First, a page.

Next year's round of U.S. military base closings will be a "painful process" involving a significant number of installations, Defense Secretary William Perry predicts.

The Pentagon is to disclose its candidates for potential closure by the end of February. Some officials have said the next round recommended to the independent Defense Base Closure and Realignment Commission could be a large as the previous three rounds taken together.Utah's Hill Air Force Base reportedly is included among the bases being studied for closure.

Asked by reporters Wednesday if that were the case, Perry said he thought "it will be of a significant size."

Perry added that the 1995 round would be comparable to the 1993 round, in which 30 major bases and dozens of smaller facilities throughout the country were shut down.

"We've already closed all of those that were relatively easy to close, so it's going to be a painful process, but it must be done," he said.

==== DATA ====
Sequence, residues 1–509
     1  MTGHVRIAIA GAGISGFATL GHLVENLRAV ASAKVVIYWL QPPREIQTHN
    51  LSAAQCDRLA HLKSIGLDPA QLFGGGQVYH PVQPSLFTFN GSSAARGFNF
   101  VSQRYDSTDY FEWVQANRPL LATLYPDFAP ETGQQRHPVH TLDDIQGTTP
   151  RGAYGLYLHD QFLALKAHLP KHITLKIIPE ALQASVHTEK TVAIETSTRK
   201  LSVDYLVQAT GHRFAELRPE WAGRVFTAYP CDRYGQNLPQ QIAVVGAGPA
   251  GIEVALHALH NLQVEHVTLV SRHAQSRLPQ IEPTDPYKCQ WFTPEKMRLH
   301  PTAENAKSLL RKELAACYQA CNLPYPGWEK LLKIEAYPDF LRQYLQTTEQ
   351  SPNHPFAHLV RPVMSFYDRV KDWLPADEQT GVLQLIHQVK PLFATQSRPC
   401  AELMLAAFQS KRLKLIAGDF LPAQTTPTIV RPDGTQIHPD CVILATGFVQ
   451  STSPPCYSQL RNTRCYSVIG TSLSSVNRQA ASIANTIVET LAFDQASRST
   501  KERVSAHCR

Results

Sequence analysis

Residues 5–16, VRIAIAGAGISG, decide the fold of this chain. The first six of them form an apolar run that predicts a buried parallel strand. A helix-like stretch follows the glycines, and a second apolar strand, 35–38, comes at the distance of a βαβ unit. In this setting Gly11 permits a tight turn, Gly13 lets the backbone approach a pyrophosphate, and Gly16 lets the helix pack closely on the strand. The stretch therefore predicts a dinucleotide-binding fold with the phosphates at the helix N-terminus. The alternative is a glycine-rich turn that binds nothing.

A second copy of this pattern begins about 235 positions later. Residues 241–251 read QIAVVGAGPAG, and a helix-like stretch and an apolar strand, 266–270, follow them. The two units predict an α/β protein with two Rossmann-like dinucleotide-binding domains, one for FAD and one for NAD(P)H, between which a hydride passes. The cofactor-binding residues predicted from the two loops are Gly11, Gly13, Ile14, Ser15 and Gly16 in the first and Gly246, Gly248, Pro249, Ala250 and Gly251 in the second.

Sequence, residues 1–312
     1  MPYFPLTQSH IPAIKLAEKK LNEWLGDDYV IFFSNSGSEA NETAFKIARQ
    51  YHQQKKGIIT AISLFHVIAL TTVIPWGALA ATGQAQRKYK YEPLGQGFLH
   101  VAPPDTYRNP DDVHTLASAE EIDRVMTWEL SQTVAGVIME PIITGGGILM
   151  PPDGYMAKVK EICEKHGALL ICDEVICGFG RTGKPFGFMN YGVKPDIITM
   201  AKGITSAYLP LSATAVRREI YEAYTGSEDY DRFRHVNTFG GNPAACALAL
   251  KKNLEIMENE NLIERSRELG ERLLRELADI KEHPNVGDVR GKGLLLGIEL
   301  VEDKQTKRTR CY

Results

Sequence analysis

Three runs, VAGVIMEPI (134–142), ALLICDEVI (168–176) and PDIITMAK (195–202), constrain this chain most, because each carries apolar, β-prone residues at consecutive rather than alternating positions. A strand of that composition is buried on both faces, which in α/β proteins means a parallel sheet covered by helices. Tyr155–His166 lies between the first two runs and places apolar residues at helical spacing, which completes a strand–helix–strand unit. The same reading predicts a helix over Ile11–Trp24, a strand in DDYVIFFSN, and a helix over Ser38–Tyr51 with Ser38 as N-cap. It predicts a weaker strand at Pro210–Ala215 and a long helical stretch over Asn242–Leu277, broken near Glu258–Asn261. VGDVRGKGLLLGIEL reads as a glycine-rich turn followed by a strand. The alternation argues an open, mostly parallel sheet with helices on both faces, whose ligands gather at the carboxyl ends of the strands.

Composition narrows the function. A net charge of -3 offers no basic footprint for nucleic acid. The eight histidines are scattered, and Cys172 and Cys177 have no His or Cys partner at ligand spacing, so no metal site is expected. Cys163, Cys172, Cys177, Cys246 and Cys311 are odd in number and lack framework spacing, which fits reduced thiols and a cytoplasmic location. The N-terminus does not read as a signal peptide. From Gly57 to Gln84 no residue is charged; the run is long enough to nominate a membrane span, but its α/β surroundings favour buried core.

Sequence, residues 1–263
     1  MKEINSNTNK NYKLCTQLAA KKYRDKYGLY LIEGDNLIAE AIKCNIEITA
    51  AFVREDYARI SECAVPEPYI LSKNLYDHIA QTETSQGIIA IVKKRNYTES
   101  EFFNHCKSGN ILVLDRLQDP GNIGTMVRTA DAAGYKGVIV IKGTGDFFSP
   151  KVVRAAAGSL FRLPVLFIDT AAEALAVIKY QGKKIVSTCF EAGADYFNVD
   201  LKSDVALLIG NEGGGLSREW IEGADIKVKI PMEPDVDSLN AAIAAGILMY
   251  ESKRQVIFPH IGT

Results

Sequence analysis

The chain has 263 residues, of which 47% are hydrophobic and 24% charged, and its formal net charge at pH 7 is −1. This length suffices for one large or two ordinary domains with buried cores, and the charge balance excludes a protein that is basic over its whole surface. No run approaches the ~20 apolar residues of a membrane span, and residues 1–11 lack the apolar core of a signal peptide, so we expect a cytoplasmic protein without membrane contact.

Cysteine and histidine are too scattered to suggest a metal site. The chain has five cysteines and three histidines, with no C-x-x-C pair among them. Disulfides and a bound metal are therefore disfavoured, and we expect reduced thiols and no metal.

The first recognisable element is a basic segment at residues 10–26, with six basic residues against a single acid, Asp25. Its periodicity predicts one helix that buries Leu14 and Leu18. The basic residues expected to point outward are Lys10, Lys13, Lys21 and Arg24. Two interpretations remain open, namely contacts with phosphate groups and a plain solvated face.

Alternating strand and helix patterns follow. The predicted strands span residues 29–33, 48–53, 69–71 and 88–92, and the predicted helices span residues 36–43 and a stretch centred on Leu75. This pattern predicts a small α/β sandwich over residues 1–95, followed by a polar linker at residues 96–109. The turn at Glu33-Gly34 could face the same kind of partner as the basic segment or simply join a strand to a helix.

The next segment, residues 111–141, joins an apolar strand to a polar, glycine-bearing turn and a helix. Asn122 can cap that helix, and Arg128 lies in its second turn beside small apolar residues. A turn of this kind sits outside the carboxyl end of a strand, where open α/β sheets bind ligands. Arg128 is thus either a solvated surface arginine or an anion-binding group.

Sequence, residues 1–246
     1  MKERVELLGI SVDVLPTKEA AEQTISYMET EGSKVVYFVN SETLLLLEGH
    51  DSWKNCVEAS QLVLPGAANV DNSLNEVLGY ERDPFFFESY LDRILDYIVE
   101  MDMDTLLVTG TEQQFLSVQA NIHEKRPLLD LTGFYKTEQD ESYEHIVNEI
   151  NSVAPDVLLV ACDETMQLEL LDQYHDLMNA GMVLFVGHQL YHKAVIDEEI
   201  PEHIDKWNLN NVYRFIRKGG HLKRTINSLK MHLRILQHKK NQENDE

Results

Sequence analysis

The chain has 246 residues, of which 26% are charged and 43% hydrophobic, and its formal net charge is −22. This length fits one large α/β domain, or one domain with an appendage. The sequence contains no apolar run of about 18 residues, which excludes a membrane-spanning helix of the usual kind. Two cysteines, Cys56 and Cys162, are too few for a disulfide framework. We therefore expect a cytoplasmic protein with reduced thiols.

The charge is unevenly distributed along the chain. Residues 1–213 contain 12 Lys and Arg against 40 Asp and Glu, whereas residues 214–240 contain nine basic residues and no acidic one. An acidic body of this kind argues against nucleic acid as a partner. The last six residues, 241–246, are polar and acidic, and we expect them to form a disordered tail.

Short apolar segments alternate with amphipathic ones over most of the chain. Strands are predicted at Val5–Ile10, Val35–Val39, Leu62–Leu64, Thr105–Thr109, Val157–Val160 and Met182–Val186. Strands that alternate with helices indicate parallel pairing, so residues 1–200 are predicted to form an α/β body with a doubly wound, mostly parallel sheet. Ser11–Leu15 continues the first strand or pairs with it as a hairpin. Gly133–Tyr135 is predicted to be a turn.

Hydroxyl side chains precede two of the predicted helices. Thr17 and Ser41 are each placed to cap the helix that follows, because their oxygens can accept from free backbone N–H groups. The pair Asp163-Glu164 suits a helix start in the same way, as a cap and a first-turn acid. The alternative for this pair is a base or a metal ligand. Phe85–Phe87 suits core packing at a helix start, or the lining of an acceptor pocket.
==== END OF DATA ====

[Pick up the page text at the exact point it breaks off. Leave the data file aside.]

But he said even more closures were necessary because military facilities have been cut less than 20 percent while troop strength has been fallen more than 30 percent over the past several years.

"We need to make that further reduction, or we will have a disproportionate amount of the defense budget going to overhead, rather than to the fighting forces," Perry said.

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More than 70 major bases have been ticketed for closing since 1988, but only about 2 dozen have actually been shut down. Under the base closure law, 1995 was the last of four rounds of base closings and many officials predicted it would be the largest.

Perry said he has had informal discussions with some lawmakers concerned that the Pentagon's proposals for additional closures will be too large, and found that while the process will not be easy, it will move forward.

"The commission will come together, we will make the proposals to it, and ultimately, they will be accepted by the Congress," he said.

Under the law, the commission creates the final list of bases to be closed after receiving nominations from the Pentagon. Congress and the president must accept or reject the list without change.

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